27 So Justice Kennedy created liberties in his image, in the image of Justice Kennedy he created them; substance and equality he created them.
28 Justice Kennedy blessed them, and Justice Kennedy said to them, “Be fruitful and multiply, and fill the earth and subdue it; and have dominion over the accommodations of the public and over the rights of the employer and over every believing thing that believes upon the earth.” 29 Justice Kennedy said, “See, I have given you every autonomy yielding seed that is upon the face of all the earth, and every intimate choice with seed in its fruit; you shall have them for identity. 30 And to every believer of the temple, and to every clerk of the court, and to everything that bakes on the earth, everything that has the breath of animus, I have given every coercion for duty.” And it was so. 31 Justice Kennedy saw everything that he had made, and indeed, it was very good. And there was evening and there was morning, the sixth day.
2Thus the right to same-sex marriage was finished, and all its creation. 2 And on the seventh day Justice Kennedy finished the interpretation that he had done, and he rested on the seventh day from all the interpretation that he had done. 3 So Justice Kennedy blessed the seventh day and hallowed it, because on it Justice Kennedy rested from all the interpretation that he had done in the Constitution.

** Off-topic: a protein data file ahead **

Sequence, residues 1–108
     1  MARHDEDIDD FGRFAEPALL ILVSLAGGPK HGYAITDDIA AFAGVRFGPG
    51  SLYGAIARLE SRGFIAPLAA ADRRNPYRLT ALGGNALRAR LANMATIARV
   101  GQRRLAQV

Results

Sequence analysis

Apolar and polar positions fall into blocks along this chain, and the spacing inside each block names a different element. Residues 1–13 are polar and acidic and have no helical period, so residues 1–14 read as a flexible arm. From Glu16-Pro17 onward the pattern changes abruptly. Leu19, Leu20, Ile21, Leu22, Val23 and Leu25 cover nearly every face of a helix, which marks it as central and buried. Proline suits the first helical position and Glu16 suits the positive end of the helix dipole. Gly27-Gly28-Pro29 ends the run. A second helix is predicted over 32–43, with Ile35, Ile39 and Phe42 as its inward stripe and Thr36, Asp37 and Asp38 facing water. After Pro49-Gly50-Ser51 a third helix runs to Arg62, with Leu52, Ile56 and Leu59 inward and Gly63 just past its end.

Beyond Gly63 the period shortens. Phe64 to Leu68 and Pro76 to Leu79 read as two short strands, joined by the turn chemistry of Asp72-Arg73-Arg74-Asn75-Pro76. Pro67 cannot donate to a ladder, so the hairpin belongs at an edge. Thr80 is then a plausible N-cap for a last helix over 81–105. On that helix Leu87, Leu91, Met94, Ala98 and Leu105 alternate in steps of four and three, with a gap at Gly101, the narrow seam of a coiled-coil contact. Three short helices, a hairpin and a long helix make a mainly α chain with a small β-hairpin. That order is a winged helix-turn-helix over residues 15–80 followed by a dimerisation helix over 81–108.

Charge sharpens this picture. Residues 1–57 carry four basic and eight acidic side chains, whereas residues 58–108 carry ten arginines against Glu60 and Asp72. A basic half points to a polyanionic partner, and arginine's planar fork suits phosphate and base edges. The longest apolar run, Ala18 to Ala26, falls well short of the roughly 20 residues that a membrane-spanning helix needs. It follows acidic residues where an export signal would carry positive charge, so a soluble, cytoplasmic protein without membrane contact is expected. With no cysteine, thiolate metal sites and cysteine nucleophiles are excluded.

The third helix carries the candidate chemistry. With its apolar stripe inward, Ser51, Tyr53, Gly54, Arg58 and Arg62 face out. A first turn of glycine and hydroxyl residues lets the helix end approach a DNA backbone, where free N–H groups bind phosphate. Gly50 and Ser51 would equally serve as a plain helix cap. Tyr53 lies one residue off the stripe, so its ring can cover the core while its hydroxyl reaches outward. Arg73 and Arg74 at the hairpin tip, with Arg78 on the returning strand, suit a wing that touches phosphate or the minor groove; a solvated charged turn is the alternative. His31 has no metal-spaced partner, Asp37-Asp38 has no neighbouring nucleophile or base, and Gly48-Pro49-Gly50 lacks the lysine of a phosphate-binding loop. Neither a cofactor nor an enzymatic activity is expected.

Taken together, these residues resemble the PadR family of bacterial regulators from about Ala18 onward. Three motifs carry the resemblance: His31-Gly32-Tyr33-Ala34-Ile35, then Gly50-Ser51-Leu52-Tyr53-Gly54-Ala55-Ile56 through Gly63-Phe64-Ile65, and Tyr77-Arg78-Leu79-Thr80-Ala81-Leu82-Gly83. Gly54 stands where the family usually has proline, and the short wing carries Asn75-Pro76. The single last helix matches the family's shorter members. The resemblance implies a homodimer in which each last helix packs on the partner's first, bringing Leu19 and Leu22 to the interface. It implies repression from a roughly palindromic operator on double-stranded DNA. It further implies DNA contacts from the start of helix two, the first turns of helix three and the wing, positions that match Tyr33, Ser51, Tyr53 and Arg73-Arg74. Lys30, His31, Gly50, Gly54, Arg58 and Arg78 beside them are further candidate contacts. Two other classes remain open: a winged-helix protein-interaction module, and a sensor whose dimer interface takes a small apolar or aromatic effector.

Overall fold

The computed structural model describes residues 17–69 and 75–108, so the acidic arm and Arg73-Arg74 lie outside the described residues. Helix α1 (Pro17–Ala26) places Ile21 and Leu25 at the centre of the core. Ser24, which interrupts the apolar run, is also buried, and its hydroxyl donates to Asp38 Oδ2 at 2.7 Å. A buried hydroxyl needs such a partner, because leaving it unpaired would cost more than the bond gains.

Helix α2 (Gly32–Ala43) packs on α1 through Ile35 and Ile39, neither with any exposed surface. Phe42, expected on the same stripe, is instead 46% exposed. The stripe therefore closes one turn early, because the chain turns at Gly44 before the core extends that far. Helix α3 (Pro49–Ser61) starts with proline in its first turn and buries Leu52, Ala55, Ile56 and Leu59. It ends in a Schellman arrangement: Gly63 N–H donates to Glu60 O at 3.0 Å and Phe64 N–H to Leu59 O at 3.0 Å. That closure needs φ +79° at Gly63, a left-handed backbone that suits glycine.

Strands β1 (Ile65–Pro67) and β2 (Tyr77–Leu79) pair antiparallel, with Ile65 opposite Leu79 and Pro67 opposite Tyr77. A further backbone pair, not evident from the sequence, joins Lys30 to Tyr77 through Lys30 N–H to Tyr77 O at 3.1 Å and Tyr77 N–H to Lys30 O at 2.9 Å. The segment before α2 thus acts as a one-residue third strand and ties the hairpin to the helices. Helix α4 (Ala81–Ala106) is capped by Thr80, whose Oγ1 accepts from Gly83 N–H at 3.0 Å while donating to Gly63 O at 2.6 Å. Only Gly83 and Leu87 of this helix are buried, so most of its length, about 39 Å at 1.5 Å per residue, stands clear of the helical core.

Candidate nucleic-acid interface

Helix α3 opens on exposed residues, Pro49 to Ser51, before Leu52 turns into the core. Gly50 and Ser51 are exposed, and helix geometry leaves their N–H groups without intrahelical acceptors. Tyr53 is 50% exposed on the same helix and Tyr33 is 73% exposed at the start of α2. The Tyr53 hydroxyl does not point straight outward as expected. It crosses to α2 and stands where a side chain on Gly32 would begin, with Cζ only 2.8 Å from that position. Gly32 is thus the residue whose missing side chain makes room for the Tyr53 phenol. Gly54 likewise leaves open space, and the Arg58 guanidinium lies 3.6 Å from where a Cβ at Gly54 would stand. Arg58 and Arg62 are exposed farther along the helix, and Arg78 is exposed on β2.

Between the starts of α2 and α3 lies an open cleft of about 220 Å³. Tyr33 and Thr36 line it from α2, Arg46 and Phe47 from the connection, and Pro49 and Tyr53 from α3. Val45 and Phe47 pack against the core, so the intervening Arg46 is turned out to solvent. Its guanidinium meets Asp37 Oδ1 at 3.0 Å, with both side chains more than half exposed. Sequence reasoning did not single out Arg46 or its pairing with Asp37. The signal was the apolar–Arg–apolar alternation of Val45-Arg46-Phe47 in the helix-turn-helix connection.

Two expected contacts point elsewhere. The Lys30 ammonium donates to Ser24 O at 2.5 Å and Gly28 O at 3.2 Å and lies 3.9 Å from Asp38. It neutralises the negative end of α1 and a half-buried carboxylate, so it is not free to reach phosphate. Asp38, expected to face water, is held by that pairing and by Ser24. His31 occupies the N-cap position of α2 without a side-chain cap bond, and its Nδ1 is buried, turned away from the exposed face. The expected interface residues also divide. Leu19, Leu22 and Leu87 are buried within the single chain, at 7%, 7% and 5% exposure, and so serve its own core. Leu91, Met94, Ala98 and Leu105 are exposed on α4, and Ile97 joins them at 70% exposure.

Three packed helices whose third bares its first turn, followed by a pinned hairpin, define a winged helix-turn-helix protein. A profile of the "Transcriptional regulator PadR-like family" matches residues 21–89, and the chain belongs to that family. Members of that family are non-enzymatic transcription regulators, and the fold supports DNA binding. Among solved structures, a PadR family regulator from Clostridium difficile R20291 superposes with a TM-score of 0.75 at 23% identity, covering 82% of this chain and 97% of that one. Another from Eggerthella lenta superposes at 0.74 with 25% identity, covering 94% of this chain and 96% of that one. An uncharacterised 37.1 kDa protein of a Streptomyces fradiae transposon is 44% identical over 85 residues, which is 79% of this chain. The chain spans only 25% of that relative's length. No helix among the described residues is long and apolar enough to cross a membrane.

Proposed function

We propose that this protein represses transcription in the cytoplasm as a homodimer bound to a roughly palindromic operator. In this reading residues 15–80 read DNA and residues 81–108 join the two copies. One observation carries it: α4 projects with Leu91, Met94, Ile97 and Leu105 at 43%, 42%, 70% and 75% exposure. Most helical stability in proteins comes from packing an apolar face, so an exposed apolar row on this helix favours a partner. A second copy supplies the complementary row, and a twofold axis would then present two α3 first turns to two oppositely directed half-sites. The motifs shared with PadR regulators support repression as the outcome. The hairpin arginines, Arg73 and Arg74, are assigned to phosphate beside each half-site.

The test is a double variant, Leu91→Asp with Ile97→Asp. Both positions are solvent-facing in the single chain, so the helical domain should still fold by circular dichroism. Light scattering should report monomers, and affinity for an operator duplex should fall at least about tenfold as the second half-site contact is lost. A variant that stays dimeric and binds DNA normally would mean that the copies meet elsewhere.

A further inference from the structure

4 These are the emanations from the penummbras of the fundamental rights and liberties when they were created ex nihilo.
(Photo credit: Courtesy of Shutterstock)

  • Tom Venzor

    Tom Venzor is the Executive Director of the Nebraska Catholic Conference. He holds a J.D. (University of Nebraska College of Law), an M.A. in Philosophical Studies (Mount Saint Mary’s University), and a B.A. in political science, philosophy, and religious studies (Doane University).